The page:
In the past two years Glasgow has become the first UK museum to repatriate objects to India. Newcastle and the Horniman in south London followed an example set by Aberdeen and Cambridge by returning looted Benin bronzes to Nigeria. Exeter handed sacred regalia to the Siksika Nation in Canada. Oxford returned the remains of 18 indigenous people to Australia.
Earlier this month Manchester completed a landmark return of 174 objects to the to the Anindilyakwa community, who live on an archipelago in the Gulf of Carpentaria, off the northern coast of Australia.
It was a tearful handover, one hailed by Unesco as a “historic and moving” example of repatriation which it hoped others would see as a model.
The scale of repatriation – or rematriation as it was proudly labelled by a Scottish national museum returning a totem pole to Canada – is unprecedented but missing from all this, campaigners say, are the nation’s London-based national museums who look increasingly isolated.
“Regional museums are so far ahead of national institutions,” said Lewis McNaught, who runs the not-for-profit Returning Heritage project.
“It has been led by Glasgow and it really just remains for national collections to wake up to the trend which is, actually, now global. The UK is really falling behind quite dramatically.”
Dan Hicks, a professor of contemporary archaeology at Oxford University as well as curator at the city’s Pitt Rivers Museum, said repatriation has become part of the “fake culture wars” with some on the right seeing it as “wokery”.
“What that means, sadly, for our national institutions is that they are being forced into a position of inertia and making themselves increasingly irrelevant with every week that goes by and every restitution that we see from the regions and elsewhere around the world.
“Everyone else is getting on with it.”
The big reasons for the two different narratives is that the London-based national museums are hamstrung by legislation.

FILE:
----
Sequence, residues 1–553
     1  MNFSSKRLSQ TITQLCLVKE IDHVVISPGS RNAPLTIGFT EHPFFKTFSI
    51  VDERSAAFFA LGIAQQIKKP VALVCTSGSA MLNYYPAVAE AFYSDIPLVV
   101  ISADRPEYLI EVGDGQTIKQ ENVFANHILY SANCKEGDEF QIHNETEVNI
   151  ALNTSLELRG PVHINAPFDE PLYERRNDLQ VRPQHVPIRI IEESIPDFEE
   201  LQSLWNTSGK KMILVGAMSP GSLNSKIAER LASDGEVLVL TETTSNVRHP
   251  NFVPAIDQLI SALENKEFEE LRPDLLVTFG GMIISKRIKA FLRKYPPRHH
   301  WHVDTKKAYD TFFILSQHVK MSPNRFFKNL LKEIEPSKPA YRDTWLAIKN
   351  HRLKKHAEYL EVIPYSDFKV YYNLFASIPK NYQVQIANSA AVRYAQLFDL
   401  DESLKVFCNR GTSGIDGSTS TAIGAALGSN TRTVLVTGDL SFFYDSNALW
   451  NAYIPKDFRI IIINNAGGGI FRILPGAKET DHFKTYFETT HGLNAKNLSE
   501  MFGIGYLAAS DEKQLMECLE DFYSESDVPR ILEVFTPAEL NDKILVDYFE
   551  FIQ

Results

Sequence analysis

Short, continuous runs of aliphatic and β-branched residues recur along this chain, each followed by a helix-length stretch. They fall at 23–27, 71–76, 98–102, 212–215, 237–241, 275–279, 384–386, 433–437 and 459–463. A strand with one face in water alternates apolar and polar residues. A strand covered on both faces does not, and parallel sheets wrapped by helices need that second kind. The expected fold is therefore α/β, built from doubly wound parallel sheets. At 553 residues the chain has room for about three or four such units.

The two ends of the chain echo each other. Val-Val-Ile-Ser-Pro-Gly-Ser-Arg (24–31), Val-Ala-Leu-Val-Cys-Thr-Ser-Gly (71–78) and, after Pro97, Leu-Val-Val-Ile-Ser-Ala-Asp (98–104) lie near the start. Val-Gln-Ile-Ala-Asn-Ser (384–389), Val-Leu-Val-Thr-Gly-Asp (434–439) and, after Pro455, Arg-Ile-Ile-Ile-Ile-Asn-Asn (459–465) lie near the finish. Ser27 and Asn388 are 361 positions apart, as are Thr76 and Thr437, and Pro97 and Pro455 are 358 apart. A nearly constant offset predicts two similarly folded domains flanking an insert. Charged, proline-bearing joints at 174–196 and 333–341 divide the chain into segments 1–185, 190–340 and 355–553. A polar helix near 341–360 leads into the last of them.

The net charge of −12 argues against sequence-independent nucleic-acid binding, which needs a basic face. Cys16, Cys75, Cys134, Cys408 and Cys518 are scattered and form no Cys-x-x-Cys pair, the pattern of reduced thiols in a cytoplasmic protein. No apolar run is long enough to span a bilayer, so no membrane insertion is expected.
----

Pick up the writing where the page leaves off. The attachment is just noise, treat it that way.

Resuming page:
The British Museum Act 1963 specifically forbids the museum from disposing of its holdings. The National Heritage Act of 1983 prevents trustees of institutions, including the V&A, Science Museum and others, from deaccessioning objects unless they are duplicates or beyond repair.
Regional museums, whether they are run by local authorities, universities or are regimental museums or private, don’t have the same issue.
But the picture is more complicated, said Hicks, and repatriation is also not a new issue or debate.
“There is a deep and long history to restitution in this country. Edinburgh university was returning human remains two generations ago, never mind one generation … there are scores if not hundreds of stories over the past 40 to 50 years.
“It should be part of what museums do. It’s a part of the job.”
Glasgow is seen as a leader in the repatriation conversation since an agreement in 1998 to return a Sioux warrior shirt acquired at the end of the 19th century from Buffalo Bill’s Wild West Show.
The return of the Lakota Sacred Ghost Dance Shirt to the Wounded Knee Survivors’ Association established criteria that have been widely adopted in the museum sector.
Duncan Dornan, the head of museums and collections at Glasgow Life, said repatriation should be seen as a two way process and recalled the joy at the signing ceremony last year for the repatriation of artefacts to India.
“It was a very emotional event and Glaswegians of Indian heritage were very emotional. Their response was that they were very proud of their city.
“We see repatriation as establishing a relationship of equals and emphasising Glasgow as an outward-looking modern city.
“This is about a 21st-century relationship rather than a historic relationship.”